When I crave something very desperately, I have to find ways to replace or substitute it with something else. Like berries for example. It was hard to find berries unpacked (I just love my berries on my porridge) and I had to switch to other fruits especially more seasonable fruits like apple and pear. I really missed my raspberries and blueberries, but as soon as summer comes I am going to buy a bunch of them at the local markets and freeze them for autumn and winter. I also decided to grow my own fruits/veggies and herbs such as rosemary, which I love but couldn’t find packaged free yet.
That one time I was craving burritos and tacos (I am obsessed with Mexican food) but I could only buy them wrapped in plastic. So I decided to look up a recipe to try making my own tortillas. It was definitely more time consuming (and not as I expected) but a zero waste alternative.

What is in my trash jar:
two straws I received in a restaurant, where I was too late to prevent them from happening.
A bunch of stickers that are on fruits and vegetables, that’s why I prefer going shopping at a local farmers market.
An empty plastic tissue wrap – I didn’t buy the tissues during those 30 days, so I wasn’t sure wether or not I should put it in the jar.
2 empty pain killer pill packaging- I took two pain killers which are wrapped in plastic. I wish I didn’t need them but I couldn’t get rid of the pain in a zero waste way.
an empty honey packaging- served with tea on my first day of zero waste (I opened it without even thinking about it – stupid mistake – never gonna happen again)
rubber bands- sometimes vegetables and herbs are wrapped with rubber bands
plastic packaging from tights – I received tights from a sustainable stocking company as part of a collaboration (didn’t expect their packaging to contain plastic)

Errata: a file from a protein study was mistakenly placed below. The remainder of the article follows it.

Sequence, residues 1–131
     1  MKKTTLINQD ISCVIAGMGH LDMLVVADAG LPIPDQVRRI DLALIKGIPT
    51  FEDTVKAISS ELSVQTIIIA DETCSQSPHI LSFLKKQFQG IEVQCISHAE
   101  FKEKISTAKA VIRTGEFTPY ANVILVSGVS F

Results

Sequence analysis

Conclusion /Future Outlook
Even though I had to overcome a lot of struggles, forgot to think about a few things or made mistakes, I still want to continue living this lifestyle. Probably not zero waste and more a low waste lifestyle. Yes, it is time consuming in the beginning, like every change in life is, but once you know where to buy what and what to buy where, it is definitely doable. But I also told myself that if there is something that I really need or something that I simply can’t avoid or stop from happening, I won’t get too upset about it. I received a lot of questions that I will answer in another post/video where I get more in depth of topics like money (is living zero waste more expansive?), where to get specific things like make up – I didn’t buy make up during those 30 days because I didn’t needed it but I will talk more about zero or low waste make up alternatives or just a lot of different alternatives in another post. Also tissues and toilet paper, I still used the tissues I already had at home but made the decision not to buy them wrapped in plastic any more and there are alternatives like tissue and toilet paper made out of bamboo, but like I said I get more in depth about this in another post.
I don’t think you should change everything I changed, I just think small changes already have a huge impact on our environment. Anne Marie Bonneau once said : “We don’t need a handful of people doing zero waste perfectly. We need millions of people doing it imperfectly.” Which is so true! I just want to encourage you to make more conscious decisions and keep in mind no matter how small the change, you can make the world a little better.